While the computer-readable storage medium can be a single medium, the term “computer-readable storage medium” should be taken to include a single medium or multiple media (e.g., a centralized or distributed database, and/or associated caches and servers) that store the one or more sets of instructions. The term “computer-readable storage medium” shall also be taken to include any medium that is capable of storing, encoding or carrying a set of instructions for execution by the machine and that cause the machine to perform any one or more of the methodologies of the present disclosure. The term “computer-readable storage medium” shall accordingly be taken to include, but not be limited to: solid-state memories such as a memory card or other package that houses one or more read-only (non-volatile) memories, random access memories, or other re-writable (volatile) memories; magneto-optical or optical medium such as a disk or tape; and carrier wave signals such as a signal embodying computer instructions in a transmission medium; and/or a digital file attachment to e-mail or other self-contained information archive or set of archives is considered a distribution medium equivalent to a tangible storage medium. Accordingly, the disclosure is considered to include any one or more of a computer-readable storage medium or a distribution medium, as listed herein and including art-recognized equivalents and successor media, in which the software implementations herein are stored.
The illustrations of embodiments described herein are intended to provide a general understanding of the structure of various embodiments, and they are not intended to serve as a complete description of all the elements and features of apparatus and systems that might make use of the structures described herein. Many other embodiments will be apparent to those of skill in the art upon reviewing the above description. Other embodiments may be utilized and derived therefrom, such that structural and logical substitutions and changes may be made without departing from the scope of this disclosure. Figures are also merely representational and may not be drawn to scale. Certain proportions thereof may be exaggerated, while others may be minimized. Accordingly, the specification and drawings are to be regarded in an illustrative rather than a restrictive sense.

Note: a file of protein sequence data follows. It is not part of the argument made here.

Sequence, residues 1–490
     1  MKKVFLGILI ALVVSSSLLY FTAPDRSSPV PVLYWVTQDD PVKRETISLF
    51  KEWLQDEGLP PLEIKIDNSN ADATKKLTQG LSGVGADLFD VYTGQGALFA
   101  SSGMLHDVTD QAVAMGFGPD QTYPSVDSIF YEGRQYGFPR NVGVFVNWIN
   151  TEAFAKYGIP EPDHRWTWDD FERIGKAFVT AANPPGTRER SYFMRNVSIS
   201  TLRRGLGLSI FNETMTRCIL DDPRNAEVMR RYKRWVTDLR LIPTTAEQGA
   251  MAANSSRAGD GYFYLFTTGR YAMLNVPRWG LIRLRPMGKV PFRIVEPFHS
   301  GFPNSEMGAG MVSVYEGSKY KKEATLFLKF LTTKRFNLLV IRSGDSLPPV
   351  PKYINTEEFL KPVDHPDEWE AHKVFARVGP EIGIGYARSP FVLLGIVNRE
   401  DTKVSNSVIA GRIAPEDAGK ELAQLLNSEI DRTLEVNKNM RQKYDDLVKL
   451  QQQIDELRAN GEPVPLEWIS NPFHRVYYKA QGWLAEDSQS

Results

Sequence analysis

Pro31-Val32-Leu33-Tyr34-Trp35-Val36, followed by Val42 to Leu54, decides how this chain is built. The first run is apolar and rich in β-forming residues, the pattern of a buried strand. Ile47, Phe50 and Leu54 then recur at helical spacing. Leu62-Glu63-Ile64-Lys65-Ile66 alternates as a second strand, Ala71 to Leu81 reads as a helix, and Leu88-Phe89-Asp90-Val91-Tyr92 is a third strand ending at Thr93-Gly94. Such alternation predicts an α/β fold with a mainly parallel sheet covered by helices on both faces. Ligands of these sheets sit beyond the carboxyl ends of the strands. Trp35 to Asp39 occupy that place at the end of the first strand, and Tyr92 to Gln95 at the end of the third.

Thus, although specific embodiments have been illustrated and described herein, it should be appreciated that any arrangement calculated to achieve the same purpose may be substituted for the specific embodiments shown. This disclosure is intended to cover any and all adaptations or variations of various embodiments. Combinations of the above embodiments, and other embodiments not specifically described herein, will be apparent to those of skill in the art upon reviewing the above description. Therefore, it is intended that the disclosure not be limited to the particular embodiment(s) disclosed as the best mode contemplated for carrying out this invention, but that the invention will include all embodiments falling within the scope of the appended claims.
The Abstract of the Disclosure is provided to comply with 37 C.F.R. §1.72(b), requiring an abstract that will allow the reader to quickly ascertain the nature of the technical disclosure. It is submitted with the understanding that it will not be used to interpret or limit the scope or meaning of the claims.
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|U.S. Classification||700/282, 137/386|
|International Classification||G05D7/00, G05D11/00|
|Cooperative Classification||Y10T137/7287, G05D9/12|
|Oct 1, 2007||AS||Assignment|
Owner name: HONEYWELL INTERNATIONAL, INC., NEW JERSEY
Free format text: ASSIGNMENT OF ASSIGNORS INTEREST;ASSIGNORS:NATH, RAVI;SHARMA, SANJAY K.;REEL/FRAME:019903/0643
Effective date: 20070925
Owner name: HONEYWELL INTERNATIONAL, INC.,NEW JERSEY
Free format text: ASSIGNMENT OF ASSIGNORS INTEREST;ASSIGNORS:NATH, RAVI;SHARMA, SANJAY K.;REEL/FRAME:019903/0643
Effective date: 20070925
|Aug 26, 2013||FPAY||Fee payment|
Year of fee payment: 4